In a Hollywood Reporter guest column, the director of the 2015 documentary The Amazing Nina Simone adds his voice to film's chorus of critics, lambasting both the casting and the content of the film while reacting to the film distributor's recent defense of the movie.
"I am saddened by the ugly and inaccurate portrayal contained in the script and trailer for Nina and by Mr. [Robert L. Johnson]'s desperate attempt to defend the project," The Amazing Nina Simone director Jeff L. Lieberman wrote.
Lieberman critiques filmmakers' decision to use makeup and prosthetics to make the admittedly lighter-skinned Saldana more closely resemble the late singer. He said this move ignores "the horrible history of this type of portrayal."
Speaking to THR a few weeks ago, Robert L. Johnson, founder of BET and chairman of RLJ Entertainment, said the objection to Saldana playing a darker-skinned musician "hearkens back to how we were treated when we were slaves," adding: "The slave masters separated light-skinned blacks from dark-skinned blacks, and some of that social DNA still exists today among many black people."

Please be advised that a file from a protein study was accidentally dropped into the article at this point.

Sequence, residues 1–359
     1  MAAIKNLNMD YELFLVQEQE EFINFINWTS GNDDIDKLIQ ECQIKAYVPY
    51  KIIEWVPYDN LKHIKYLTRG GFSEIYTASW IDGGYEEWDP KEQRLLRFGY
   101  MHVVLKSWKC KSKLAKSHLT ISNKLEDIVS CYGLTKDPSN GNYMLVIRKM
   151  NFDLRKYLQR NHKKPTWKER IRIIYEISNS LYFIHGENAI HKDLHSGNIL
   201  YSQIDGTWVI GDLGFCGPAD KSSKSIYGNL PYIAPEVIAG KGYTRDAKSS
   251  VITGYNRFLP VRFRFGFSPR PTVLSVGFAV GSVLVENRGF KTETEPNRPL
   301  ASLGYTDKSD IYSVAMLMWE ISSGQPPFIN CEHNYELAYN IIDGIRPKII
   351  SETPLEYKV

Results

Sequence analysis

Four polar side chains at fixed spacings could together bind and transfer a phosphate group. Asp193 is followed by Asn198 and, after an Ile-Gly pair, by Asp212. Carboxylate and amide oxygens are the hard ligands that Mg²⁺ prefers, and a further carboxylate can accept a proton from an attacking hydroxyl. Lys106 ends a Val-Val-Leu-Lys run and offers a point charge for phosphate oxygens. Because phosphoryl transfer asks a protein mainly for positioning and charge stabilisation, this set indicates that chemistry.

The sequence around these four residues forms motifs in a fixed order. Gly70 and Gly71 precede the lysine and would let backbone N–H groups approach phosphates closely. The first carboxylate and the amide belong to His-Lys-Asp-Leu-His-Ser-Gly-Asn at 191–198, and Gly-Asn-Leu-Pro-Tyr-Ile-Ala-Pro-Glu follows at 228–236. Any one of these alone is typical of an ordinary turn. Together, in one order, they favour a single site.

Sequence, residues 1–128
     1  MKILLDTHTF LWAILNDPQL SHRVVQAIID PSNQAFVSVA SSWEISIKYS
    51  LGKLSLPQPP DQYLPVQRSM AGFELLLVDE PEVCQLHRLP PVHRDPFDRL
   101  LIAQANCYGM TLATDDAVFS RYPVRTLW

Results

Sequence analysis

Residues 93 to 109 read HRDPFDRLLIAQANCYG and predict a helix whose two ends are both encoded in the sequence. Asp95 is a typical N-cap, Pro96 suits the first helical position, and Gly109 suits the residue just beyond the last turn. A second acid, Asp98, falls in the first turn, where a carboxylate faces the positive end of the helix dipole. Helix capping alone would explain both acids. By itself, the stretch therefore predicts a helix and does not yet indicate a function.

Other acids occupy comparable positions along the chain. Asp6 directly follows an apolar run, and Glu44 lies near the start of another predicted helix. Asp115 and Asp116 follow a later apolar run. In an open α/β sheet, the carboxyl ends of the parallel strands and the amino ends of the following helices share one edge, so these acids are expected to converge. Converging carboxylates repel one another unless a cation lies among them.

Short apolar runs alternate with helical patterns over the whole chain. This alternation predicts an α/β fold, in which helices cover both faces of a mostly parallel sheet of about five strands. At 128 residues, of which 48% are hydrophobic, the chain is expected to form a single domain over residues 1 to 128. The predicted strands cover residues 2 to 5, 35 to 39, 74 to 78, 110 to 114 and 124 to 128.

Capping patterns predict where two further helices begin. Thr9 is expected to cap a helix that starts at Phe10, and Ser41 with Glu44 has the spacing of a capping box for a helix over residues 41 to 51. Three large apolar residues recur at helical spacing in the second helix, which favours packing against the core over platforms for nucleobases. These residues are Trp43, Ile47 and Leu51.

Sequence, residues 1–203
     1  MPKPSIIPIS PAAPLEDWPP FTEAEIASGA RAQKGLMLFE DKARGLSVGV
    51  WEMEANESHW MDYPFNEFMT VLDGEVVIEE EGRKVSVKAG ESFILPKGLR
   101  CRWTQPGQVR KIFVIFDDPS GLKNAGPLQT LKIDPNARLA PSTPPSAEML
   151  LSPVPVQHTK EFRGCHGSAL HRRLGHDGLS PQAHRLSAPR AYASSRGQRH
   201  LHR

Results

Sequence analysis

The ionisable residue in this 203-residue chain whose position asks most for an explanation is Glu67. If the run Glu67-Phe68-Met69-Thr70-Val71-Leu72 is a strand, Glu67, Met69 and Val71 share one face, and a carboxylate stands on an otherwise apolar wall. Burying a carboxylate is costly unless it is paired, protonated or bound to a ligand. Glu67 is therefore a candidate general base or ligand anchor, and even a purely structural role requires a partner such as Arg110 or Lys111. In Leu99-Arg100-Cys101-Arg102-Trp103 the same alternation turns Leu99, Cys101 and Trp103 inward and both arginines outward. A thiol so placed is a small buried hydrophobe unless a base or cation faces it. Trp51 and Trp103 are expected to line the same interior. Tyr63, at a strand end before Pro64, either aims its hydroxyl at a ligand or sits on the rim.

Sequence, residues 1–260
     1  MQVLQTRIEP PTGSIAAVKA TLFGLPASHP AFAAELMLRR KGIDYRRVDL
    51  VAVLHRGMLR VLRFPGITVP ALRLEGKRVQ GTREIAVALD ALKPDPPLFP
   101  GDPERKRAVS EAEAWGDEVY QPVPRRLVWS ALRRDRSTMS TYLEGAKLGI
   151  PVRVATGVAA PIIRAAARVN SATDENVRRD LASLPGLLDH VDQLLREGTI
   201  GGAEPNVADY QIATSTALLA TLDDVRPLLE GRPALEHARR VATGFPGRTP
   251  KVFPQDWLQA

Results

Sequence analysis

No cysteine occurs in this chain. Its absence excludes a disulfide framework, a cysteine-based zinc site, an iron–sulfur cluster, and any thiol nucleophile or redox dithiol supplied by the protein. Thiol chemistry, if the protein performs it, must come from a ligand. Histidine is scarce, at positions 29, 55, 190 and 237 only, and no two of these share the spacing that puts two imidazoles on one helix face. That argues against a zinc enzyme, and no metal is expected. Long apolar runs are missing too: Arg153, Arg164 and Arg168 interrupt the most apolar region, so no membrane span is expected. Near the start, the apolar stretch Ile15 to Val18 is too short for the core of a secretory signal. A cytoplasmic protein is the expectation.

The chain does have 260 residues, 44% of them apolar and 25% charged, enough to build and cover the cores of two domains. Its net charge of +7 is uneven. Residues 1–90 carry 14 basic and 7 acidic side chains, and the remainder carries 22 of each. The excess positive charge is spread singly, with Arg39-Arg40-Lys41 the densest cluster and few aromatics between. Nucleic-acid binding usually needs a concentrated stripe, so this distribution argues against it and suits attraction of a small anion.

Lieberman criticized this characterization of the situation.
"Suggesting that people who look like Zoë Saldana are the victim is wrong, and a quick trick at reverse racism," Lieberman wrote. "Ms. Saldana could easily play the part of Lena Horne, and Halle Berry did a fine job as Dorothy Dandridge. But not every actor can play every role, even if you are of the same racial background."
But casting aside, the director, who read the Nina script four years ago, said the film's "real problem" is the focus on Simone's life in the 1990s, calling it the "bleakest" time in her life.
He believes the film's focus on "the handful of unfortunate events that occurred at that time" does not give her music and activism enough attention. He also takes issue with the fact that the movie ignores Simone's weight gain during the 90s and turns her openly gay assistant Clifton Henderson (David Oyelowo) into a love interest.
"Ms. Simone had six other decades of phenomenal musical accomplishments and civil rights stands, and she became an international symbol of freedom, pride and artistry. To overlook this is not only an insult to Ms. Simone’s very rich and complex life, but a blatant white-washing of her achievements as a black woman in 20th century America," he wrote.
Nina opens April 22.